Business expenses

This is an overview of the business expenses that you can claim for income tax purposes:

Business Expenses

A business expense is a cost you incur for the sole purpose of earning business income.

You have to support business expense claims with a sales invoice, an agreement of purchase and sale, a receipt, or some other voucher that supports the expenditure. If you pay cash for any business expenses, be sure to get receipts or other vouchers. Receipts should include the vendor's name and the date.

Remember to keep your cancelled cheques if you receive them from the bank. This is part of your proof that the bill was paid or the asset purchased. Keep the cancelled cheques in an orderly manner so we can easily review them. See Types of operating expenses and Motor vehicle expenses to learn about what you can claim.

Running a business from your home

You can deduct expenses for the business use of a work space in your home, as long as you meet one of these conditions:

  • it is your main place of business
  • you use the space only to earn your business income, and to meet your clients or customers

You can deduct part of your maintenance costs, such as heating, home insurance, electricity, and cleaning materials.

You can also deduct part of your property taxes, mortgage interest, and capital cost allowance (CCA). To calculate the part you can deduct, use a reasonable basis, such as the area of the work space divided by the total area of your home.

Inventory and cost of goods sold

You need to do an annual inventory. This is usually a list of goods held for sale. If you are a manufacturer, this includes raw materials as well as packaging material and supplies, work-in-progress (goods and services that you have not yet completed at the end of your fiscal period), and finished goods that you have on hand. Inventory is used to calculate the cost of goods sold and net income on form T2125, Statement of Business or Professional Activities.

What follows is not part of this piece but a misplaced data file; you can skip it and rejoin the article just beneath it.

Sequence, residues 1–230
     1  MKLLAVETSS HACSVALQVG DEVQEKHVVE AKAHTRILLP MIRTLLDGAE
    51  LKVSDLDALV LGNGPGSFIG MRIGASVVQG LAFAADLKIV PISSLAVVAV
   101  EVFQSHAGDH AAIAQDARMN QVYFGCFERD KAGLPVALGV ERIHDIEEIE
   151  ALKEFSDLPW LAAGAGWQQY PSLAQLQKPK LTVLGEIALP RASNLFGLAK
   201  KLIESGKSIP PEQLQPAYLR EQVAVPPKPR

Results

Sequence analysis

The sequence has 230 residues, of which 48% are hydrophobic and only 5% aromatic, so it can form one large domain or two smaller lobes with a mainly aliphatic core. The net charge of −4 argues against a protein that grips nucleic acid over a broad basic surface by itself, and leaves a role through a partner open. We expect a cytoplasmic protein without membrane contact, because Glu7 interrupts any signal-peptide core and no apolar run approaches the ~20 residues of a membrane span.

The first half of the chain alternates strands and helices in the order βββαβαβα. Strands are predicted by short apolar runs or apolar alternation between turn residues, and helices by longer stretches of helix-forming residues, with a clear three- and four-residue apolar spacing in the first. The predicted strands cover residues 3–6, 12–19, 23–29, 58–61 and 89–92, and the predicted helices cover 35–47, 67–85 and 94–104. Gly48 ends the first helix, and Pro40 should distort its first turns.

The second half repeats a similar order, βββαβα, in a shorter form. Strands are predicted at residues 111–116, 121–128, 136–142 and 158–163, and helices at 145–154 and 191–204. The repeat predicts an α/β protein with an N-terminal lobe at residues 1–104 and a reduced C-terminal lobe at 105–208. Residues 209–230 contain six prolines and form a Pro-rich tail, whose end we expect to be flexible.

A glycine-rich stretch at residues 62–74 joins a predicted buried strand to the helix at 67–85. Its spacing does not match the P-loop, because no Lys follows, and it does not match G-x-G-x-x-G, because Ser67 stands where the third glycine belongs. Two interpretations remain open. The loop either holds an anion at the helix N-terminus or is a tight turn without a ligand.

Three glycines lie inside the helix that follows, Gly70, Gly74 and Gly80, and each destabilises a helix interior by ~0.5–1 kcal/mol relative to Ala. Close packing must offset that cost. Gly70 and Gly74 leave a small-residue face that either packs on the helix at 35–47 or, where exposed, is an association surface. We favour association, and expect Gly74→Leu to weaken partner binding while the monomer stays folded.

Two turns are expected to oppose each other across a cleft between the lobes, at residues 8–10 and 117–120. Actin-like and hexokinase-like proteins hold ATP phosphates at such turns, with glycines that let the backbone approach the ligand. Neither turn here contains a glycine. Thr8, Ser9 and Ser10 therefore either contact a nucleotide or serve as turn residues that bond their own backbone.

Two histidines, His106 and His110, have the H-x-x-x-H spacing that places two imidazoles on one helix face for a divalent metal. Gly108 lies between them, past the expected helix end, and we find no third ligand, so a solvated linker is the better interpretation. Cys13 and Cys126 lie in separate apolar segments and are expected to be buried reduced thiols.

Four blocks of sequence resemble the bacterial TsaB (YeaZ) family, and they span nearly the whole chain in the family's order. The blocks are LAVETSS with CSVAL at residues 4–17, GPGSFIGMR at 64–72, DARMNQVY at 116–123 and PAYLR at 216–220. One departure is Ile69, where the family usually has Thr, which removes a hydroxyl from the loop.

If you have a professional practice and you are an accountant, dentist, lawyer, medical doctor, notary, veterinarian, or chiropractor, you can elect to exclude your work-in-progress (WIP) when you determine inventory.

However, if you have a tax year that begins after March 21, 2017, you can no longer elect to exclude amounts for WIP. If you elected to use billed-basis accounting for the last tax year that started before March 22, 2017, the transitional rules allow you to include your WIP into income progressively.

Generally, for the first tax year that starts after March 21, 2017, you must include 20% of the lesser of the cost and the fair market value of WIP. The inclusion rate increases to 40% in the second tax year that starts after March 21, 2017, 60% in the third year, 80% in the fourth year, and 100% in the fifth and all subsequent tax years.

For more information, see guide T4002, Self-employed Business, Professional, Commission, Farming, and Fishing Income.

How to value your inventory

The value you place on the items in your year-end inventory is important in determining your income. For income tax purposes, the two acceptable methods of valuing your inventory are by determining:

  • the fair market value of your entire inventory (use either the price you would pay to replace an item, or the amount you would get if you sold an item)
  • the value of individual items (or classes of items, if specific items are not easy to distinguish) in the inventory, at their cost or their fair market value, whichever is lower

After you choose a method of inventory valuation, you have to continue to use the same method in later years. For more information, see Interpretation Bulletin IT-473, Inventory Valuation.

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